People can commit crimes at any point in their life, even when they are young and have not reached legal age. At the same time, both children and adults are capable of severe actions, which can guarantee them a life sentence in prison. Kids Behind Bars is a documentary that provides an in-depth insight into the aspirations of former child offenders sentenced to life in prison.
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Kids Behind Bars Reflections
The movie enables the audience to understand that many of the child offenders were victims of circumstances who did not deserve their sentences. Yet, as demonstrated by official statistics, the majority of waivers to transfer juveniles to adult courts get granted, which shows how inhumane the current practices are (Juvenile Justice, 2019). Children who commit crimes are largely influenced by their peers, lack of education, and poor relationships with caretakers (Kratcoski et al., 2019). Thus, it would be reasonable to try juveniles as adults only under the circumstances that they commit grave offenses at least twice and provide rehabilitative programs to those who do it for the first time.
When watching the movie, I discovered that the Supreme Court actually recognized life without parole sentences for juveniles were unconstitutional. The three main concepts of the film are that juvenile offenders always regret what they did, child criminals often suffer abuse, and usually, they fail to change their life sentences. The most interesting material covered in the film was Curtis Brooks’ case, where he was sentenced to life in prison without actually murdering anyone (Diaz, 2021). The movie did not have any incorrect assumptions, and the predictions about juvenile delinquency rates mentioned were correct.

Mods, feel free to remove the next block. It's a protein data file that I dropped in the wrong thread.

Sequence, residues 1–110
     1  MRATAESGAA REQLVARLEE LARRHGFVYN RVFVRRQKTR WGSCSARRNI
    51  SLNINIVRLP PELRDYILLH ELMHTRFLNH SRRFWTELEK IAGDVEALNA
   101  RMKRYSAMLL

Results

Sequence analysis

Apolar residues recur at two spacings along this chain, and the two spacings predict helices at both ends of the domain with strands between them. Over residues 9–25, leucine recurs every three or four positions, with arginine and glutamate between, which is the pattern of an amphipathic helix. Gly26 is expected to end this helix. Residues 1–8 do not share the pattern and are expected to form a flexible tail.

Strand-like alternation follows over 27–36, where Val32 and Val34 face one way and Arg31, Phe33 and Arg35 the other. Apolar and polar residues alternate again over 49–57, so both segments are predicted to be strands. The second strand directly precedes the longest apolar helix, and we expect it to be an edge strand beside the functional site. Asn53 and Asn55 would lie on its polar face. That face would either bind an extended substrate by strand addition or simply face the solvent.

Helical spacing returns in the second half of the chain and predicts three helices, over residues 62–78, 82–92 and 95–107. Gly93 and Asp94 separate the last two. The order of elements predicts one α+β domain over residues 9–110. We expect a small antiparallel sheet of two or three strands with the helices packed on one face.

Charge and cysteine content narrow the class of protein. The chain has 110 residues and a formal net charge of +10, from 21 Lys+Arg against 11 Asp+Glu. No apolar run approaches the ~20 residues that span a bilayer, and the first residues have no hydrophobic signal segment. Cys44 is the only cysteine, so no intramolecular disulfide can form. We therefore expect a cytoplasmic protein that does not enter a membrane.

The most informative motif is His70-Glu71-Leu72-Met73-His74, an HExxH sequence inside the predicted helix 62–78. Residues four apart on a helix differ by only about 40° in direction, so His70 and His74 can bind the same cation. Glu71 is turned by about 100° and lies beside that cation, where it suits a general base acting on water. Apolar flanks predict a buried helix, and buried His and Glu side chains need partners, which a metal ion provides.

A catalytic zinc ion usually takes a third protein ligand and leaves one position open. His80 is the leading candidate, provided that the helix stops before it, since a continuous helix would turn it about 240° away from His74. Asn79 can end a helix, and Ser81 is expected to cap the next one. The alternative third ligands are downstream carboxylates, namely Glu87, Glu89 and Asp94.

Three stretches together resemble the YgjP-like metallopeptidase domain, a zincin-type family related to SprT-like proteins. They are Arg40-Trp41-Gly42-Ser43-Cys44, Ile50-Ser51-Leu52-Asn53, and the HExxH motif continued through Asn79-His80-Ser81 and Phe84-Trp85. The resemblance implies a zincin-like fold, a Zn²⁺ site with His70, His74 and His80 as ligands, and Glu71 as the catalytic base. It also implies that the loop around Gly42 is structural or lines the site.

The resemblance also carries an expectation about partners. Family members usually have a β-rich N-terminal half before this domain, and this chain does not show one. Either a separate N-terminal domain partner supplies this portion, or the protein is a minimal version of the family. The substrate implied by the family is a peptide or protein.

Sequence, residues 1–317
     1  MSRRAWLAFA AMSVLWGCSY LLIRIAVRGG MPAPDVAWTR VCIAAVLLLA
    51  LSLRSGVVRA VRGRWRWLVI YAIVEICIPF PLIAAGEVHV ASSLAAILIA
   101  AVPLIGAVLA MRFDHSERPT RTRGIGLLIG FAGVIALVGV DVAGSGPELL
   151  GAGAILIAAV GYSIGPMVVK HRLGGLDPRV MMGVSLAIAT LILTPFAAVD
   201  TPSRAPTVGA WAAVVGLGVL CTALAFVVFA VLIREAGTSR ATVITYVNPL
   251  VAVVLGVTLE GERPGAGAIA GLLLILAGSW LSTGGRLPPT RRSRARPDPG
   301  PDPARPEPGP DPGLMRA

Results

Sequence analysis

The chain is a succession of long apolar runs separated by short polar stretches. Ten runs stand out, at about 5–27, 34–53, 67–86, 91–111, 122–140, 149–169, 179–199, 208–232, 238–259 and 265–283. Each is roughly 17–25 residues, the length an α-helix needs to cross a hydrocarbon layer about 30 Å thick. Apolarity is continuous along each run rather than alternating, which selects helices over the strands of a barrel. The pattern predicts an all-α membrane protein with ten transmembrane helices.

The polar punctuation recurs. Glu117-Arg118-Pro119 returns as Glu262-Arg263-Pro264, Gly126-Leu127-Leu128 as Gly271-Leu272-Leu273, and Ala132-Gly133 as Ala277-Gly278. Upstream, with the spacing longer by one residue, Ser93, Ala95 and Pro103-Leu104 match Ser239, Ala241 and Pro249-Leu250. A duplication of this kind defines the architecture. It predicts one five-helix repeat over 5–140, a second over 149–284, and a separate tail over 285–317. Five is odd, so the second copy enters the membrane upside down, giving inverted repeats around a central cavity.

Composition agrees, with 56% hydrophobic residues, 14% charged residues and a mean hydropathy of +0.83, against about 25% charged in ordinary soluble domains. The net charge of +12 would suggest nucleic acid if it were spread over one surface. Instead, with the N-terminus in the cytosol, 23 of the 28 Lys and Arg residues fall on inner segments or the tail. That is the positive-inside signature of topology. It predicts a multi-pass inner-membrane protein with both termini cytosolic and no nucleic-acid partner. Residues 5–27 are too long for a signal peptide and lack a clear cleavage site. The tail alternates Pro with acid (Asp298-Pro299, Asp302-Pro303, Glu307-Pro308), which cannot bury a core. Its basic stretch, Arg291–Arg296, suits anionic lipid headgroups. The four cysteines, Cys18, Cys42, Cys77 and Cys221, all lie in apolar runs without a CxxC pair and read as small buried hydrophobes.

The case of Nathaniel presents a similar situation of when a juvenile who experienced abuse at home accidentally murdered another person. Troubled children such as Nathaniel should not need to face a prison environment; instead, offering them a rehabilitation program would be more effective. Although children such as Nathaniel should be held responsible for their actions, they must not be treated as adults. Therefore, as a governor, I would pardon Nathaniel and will ensure that he receives therapy.
Kids Behind Bars is a movie that highlights the existence of inhumane practices such as adult trials for juveniles. The film shows that the majority of child offenders repent of their actions. The movie demonstrates that it would be reasonable to offer rehabilitation to juvenile criminals instead of prison.
Diaz, M. (Director). (2021). Curtis [Documentary episode]. In M. Diaz (Executive producer), Kids behind bars: Life or parole; New York, NY: A&E.
Juvenile Justice Commission. (2019). Juvenile waiver practice in New Jersey. Web.
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Kratcoski, P., Kratcoski, L., & Kratcoski, P.C. (2019). Juvenile Delinquency: Theory, research, and the juvenile justice process (6th ed.). New York, NY: Springer Nature.